Final: writing a statute

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echooo23
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Final: writing a statute

Postby echooo23 » Thu Mar 07, 2013 4:25 am

One of my finals will be writing a statute on a specific topic. I have no idea how to go about doing this. Any tips?

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gdane
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Re: Final: writing a statute

Postby gdane » Thu Mar 07, 2013 1:41 pm

Make it narrow. Depending on the subject (crim for example) there may be constitutional issues that you could run into. Be specific. The statute covers men, but men what ages to what ages? The statute covers driving a vehicle, but what constitutes a vehicle?

It's kinda hard to give specific advice, but you get the idea. Good luck.

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rinkrat19
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Re: Final: writing a statute

Postby rinkrat19 » Thu Mar 07, 2013 1:43 pm

Try to think of acts that would technically not violate the law but would violate the intent of what you were trying to do with the law. Then fix the law to also cover that act. (Close loopholes.)

If it's crim, make mens rea clear.

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cinephile
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Re: Final: writing a statute

Postby cinephile » Thu Mar 07, 2013 1:59 pm

rinkrat19 wrote:If it's crim, make mens rea clear.


and to what clauses that mens rea applies to.

echooo23
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Joined: Tue Jun 08, 2010 11:29 pm

Re: Final: writing a statute

Postby echooo23 » Thu Mar 07, 2013 3:38 pm

Yes, it is for crim. Thanks for the tips, all. Any additional nuggets of advice are appreciated. Thanks!

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vanwinkle
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Re: Final: writing a statute

Postby vanwinkle » Thu Mar 07, 2013 4:01 pm

rinkrat19 wrote:Try to think of acts that would technically not violate the law but would violate the intent of what you were trying to do with the law. Then fix the law to also cover that act. (Close loopholes.)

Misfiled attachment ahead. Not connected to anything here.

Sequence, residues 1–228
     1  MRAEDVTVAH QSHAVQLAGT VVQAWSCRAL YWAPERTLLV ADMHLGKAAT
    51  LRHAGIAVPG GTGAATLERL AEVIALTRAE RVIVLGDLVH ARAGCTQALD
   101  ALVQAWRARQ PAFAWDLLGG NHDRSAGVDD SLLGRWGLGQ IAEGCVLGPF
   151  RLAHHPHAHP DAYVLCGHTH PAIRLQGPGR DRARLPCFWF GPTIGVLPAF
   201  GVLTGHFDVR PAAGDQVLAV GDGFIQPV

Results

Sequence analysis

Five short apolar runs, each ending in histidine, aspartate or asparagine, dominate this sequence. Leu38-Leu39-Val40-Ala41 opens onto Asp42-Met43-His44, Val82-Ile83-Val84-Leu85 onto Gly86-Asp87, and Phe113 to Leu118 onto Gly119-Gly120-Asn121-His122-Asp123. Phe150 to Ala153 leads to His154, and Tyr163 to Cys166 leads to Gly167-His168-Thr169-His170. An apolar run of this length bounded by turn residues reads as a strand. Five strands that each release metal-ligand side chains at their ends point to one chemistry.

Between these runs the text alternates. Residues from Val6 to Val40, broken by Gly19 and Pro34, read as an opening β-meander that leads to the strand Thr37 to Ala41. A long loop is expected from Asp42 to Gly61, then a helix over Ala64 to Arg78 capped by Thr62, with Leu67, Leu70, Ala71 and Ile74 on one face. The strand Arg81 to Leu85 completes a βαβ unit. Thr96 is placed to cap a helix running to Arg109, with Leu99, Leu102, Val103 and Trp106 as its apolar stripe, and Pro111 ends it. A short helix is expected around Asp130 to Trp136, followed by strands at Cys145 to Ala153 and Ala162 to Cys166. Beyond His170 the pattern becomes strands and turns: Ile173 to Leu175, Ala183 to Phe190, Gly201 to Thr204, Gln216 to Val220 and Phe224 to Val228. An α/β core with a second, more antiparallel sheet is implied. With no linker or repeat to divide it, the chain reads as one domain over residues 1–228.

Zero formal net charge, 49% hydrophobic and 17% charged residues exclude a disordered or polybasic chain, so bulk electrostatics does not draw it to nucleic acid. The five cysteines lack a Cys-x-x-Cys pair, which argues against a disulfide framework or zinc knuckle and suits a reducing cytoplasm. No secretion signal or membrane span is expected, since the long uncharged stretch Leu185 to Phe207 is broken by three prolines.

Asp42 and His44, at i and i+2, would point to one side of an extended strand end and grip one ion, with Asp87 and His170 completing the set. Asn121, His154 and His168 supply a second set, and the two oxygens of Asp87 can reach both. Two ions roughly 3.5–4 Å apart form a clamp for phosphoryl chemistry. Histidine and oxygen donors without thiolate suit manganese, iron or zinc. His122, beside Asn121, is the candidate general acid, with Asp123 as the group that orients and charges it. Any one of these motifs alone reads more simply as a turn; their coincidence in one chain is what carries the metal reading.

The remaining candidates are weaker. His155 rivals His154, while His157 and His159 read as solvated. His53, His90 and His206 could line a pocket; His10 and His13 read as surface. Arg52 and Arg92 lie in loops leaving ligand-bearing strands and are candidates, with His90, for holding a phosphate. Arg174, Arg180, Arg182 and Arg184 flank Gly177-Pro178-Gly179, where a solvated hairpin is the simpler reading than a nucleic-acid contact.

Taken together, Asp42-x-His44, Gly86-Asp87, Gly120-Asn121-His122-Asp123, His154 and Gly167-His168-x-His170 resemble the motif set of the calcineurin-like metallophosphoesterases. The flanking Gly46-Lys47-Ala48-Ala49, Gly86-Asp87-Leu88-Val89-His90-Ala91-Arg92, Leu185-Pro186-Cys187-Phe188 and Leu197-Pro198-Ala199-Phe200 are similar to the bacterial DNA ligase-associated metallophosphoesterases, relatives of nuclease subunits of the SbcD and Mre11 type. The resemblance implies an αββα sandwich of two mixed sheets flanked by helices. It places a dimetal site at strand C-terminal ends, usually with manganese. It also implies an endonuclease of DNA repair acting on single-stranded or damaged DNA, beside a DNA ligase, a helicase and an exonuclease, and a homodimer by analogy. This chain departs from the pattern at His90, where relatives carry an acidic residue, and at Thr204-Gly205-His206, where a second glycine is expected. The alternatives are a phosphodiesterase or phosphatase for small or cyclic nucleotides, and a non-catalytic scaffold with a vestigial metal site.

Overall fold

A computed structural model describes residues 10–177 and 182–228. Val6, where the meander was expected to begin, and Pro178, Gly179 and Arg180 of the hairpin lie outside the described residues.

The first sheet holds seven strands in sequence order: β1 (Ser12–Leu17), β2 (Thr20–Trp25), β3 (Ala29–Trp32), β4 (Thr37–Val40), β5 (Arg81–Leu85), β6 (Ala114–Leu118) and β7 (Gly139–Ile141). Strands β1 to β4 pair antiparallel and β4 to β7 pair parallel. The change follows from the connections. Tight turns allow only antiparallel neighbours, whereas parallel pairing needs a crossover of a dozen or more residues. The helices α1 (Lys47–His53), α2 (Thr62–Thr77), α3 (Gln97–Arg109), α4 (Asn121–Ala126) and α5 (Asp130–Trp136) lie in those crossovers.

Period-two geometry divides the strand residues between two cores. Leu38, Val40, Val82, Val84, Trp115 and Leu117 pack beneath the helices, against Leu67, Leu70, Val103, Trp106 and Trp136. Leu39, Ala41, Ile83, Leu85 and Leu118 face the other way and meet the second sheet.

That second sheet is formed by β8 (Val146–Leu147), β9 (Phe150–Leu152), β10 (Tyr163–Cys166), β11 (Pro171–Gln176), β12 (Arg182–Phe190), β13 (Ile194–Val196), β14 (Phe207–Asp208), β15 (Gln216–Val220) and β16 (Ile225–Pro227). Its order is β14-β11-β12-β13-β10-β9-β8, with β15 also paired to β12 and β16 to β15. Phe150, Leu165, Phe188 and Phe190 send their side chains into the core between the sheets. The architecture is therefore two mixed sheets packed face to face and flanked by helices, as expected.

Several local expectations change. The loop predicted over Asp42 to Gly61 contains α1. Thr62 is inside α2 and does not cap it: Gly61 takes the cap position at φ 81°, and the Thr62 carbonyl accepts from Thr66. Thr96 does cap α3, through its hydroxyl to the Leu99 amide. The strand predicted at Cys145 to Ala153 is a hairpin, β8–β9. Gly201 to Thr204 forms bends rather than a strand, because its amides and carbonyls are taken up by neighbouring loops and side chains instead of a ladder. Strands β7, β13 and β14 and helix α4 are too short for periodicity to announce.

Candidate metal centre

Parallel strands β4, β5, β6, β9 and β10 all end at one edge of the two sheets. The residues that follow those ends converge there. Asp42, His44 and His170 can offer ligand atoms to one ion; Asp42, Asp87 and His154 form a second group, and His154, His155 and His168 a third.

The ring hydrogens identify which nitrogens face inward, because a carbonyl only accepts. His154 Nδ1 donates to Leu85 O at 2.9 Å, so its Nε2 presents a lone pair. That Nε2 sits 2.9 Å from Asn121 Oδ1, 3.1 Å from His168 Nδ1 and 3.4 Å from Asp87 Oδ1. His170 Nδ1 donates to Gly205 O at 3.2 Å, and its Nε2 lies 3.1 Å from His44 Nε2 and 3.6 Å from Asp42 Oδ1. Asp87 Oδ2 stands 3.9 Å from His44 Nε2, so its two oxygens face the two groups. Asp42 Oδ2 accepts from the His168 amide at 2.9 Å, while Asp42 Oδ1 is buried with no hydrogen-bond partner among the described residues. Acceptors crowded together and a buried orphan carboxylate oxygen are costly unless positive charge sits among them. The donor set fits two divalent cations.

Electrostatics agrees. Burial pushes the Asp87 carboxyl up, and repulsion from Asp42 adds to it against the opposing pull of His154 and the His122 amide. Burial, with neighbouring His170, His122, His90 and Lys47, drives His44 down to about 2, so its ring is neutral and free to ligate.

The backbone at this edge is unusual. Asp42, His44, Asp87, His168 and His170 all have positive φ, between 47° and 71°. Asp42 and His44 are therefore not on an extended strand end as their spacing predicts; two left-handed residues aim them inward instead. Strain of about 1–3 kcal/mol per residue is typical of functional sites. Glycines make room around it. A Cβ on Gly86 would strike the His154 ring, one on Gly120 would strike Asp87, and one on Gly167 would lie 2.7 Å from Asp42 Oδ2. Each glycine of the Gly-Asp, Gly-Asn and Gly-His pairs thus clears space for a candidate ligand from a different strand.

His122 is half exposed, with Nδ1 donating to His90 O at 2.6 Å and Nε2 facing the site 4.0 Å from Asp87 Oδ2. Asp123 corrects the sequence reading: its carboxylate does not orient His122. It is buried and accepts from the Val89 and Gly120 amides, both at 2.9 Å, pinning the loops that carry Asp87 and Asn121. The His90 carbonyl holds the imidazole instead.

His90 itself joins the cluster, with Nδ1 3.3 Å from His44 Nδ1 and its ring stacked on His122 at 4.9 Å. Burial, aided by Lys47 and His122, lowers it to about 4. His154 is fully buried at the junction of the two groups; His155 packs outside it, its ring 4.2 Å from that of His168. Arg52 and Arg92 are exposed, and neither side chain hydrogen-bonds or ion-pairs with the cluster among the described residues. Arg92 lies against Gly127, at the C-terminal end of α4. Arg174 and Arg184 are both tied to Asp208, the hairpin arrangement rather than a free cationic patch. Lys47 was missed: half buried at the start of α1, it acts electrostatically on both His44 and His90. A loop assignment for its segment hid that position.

If it's crim, make mens rea clear.

This. Think about the topic, and how it might relate to anything you've studied in class. Identify an ambiguity or hole (one your professor spent half a class on is best, though anything that came up in the readings or discussion at all is sufficient) and try to write something that plugs it.

I'm assuming you'll also have to defend your new statute; that's where the above comes in. You can just start writing "I did this because [cases and legal theory from your class notes]." I also agree with the above poster about constitutional issues, but don't get too deep into it. You can briefly mention a line or two about due process, even if just to explain why your statute doesn't violate it, if you talked about it in class and if you have time and it actually sounds relevant. But don't make the mistake of trying to talk about constitutional law just because you think you can fit it in. Your prof only wants to hear answers to the question he asked.

(Hint: Unless your professor is obviously fishing for a constitutional law debate, never waste more than a short paragraph on it. Crim law is typically about mens rea and actus reus; constitutional issues raised usually just ask whether those are present and clearly defined at the time of the crime. If your professor gets a hard-on for insanity or the death penalty, then maybe you discussed cruel and unusual punishment, but your constitutional discussion will probably still be just "This does/doesn't violate the Eighth Amendment because of [X], as explained in [case you discussed in class]". Actual in-depth constitutional discussions are found crim pro and con law, so save your Scalia dissent cites till then.)




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